Winston Churchill once said, “Democracy is the worst form of government, except for all the others.” But what if you didn’t just vote for a politician, but also for the kind of government they would lead? This was the premise of Malka Older’s 2016 political cyberpunk novel Infomocracy, the first book in The Centenal Cycle trilogy. With that series coming to a close, I traded emails with Older to discuss this series as a whole, as well as the third and final installment, State Tectonics (hardcover, Kindle).
For those unfamiliar with this series, what is The Centenal Cycle about, what is State Tectonics about, and aside from being the third and final book in the trilogy, how else does State Tectonics connect, both narratively and chronologically, with the previous books, Infomocracy and Null States?
The Centenal Cycle is roughly sixty years in the future, when the nation-state system has been largely but not entirely replaced by something called micro-democracy. Micro-democracy is based on a jurisdictional unit of 100,000 people called the centenal. Each centenal can choose any government it wants from anywhere in the world. This system is facilitated by a massive global bureaucracy dedicated to information management, kind of a cross between the U.N. and Google.
The first book, Infomocracy, is about the third decennial global election that takes place in this system, and there are lots of campaign-related shenanigans as some governments try to beat or break the system and Information tries to stop them.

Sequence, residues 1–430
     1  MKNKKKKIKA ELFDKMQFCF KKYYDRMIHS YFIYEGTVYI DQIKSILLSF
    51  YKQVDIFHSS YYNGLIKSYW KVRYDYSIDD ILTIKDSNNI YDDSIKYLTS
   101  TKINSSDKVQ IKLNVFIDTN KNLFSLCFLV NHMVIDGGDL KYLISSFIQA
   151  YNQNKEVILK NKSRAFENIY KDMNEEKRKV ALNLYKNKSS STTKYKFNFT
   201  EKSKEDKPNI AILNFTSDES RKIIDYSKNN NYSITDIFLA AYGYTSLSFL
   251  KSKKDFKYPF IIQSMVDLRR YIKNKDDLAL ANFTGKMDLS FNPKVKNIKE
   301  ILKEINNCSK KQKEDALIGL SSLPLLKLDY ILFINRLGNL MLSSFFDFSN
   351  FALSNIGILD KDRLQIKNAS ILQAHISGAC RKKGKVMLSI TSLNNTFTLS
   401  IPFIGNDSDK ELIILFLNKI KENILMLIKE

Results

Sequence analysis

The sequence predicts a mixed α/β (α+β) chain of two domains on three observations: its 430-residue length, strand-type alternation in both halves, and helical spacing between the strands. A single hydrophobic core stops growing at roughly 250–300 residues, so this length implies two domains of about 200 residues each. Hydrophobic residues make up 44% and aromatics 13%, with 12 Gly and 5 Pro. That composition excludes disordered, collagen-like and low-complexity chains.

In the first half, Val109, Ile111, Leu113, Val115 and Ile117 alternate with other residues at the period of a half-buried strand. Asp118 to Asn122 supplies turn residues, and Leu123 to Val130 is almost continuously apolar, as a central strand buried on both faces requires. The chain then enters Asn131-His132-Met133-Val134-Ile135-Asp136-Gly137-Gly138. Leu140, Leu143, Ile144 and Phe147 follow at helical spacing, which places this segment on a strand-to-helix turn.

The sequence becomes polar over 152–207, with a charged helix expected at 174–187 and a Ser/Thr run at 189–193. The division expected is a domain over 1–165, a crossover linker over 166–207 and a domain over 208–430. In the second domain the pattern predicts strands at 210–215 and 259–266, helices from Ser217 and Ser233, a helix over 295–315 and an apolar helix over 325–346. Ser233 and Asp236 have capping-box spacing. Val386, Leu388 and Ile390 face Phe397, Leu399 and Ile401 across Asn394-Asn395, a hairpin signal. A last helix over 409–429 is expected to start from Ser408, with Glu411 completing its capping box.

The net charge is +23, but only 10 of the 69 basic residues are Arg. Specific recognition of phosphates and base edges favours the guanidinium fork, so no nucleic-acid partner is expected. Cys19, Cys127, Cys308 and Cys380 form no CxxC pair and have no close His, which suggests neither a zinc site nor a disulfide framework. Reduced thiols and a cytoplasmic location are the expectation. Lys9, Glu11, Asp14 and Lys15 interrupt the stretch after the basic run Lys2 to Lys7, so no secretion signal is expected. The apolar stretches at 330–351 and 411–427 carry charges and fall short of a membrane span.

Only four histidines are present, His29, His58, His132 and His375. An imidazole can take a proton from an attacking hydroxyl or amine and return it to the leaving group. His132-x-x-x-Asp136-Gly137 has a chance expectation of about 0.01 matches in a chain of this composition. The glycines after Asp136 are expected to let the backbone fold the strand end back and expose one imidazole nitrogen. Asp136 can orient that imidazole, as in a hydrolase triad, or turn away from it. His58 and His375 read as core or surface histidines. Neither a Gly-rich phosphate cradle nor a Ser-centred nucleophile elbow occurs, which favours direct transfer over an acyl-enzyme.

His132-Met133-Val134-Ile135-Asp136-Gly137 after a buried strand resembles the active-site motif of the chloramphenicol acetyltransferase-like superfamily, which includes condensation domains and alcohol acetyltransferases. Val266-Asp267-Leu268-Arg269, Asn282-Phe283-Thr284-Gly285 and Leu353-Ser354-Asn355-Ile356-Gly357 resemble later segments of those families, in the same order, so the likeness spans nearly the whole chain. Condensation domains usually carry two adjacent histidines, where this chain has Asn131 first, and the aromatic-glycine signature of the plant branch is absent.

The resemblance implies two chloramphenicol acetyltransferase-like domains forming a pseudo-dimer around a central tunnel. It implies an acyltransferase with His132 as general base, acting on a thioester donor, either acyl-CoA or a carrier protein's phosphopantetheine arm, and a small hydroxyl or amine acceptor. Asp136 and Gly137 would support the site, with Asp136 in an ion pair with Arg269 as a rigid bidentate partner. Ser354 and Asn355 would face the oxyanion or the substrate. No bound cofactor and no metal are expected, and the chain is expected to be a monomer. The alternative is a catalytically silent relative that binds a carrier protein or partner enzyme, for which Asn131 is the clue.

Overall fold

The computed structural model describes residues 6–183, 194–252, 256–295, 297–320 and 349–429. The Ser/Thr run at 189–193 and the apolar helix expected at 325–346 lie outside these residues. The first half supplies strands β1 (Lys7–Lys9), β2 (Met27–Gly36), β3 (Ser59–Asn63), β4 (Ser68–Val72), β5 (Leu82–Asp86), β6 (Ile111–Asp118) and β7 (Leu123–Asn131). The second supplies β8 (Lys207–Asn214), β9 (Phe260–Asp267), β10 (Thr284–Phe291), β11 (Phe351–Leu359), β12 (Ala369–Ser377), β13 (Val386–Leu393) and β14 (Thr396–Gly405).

Null States takes place about two and a half years later, and looks at the places that the seemingly all-powerful Information doesn’t reach. This includes the eponymous null states, vestigial nation-states like what’s left of China, Russia, and Switzerland, but also remote and low-density areas like the new centenal on the edge of the Sahara desert where a local leader is assassinated. This kicks off a small-scale election but also suspicions about a new threat to Information.
State Tectonics starts about two and a half years after Null States. The election period has been halved to five years, so there’s another global election coming up, but the threat hinted at in Null States is also growing, with disgruntled former Information staffers, null states governments, and anti-Information activists working together to try to overthrow the data monolith.
Where did you get the idea for State Tectonics, and when in the process of writing these books did you come up with it?
Infomocracy was written as a stand-alone, but when the publishers at Tor.com suggested a sequel, I decided that not only was there a lot of this world left to explore, but I could not in good conscience write about a new governance system and only focus on elections. As I got to the end of Null Statesit became clear that I would need another book to really round out the plot. I am a total pantser — I do not plan out my books ahead of time — so when I started State TectonicsI had little in mind for it besides 1) it had to close out the open plot threads from Null States, and 2) I wanted Maryam to be one of the main POV characters, continuing the progression that has brought one secondary character into main POV status in each book. Oh and I guess 3) Domaine had to come back by popular demand.
And how different is State Tectonics from that original idea?
Since I pretty much write down ideas as they come, it’s hard to say that anything changed, though of course I had some ideas that didn’t get used or were modified either in the writing or the editing. Overall though, it was pretty much what I was aiming for.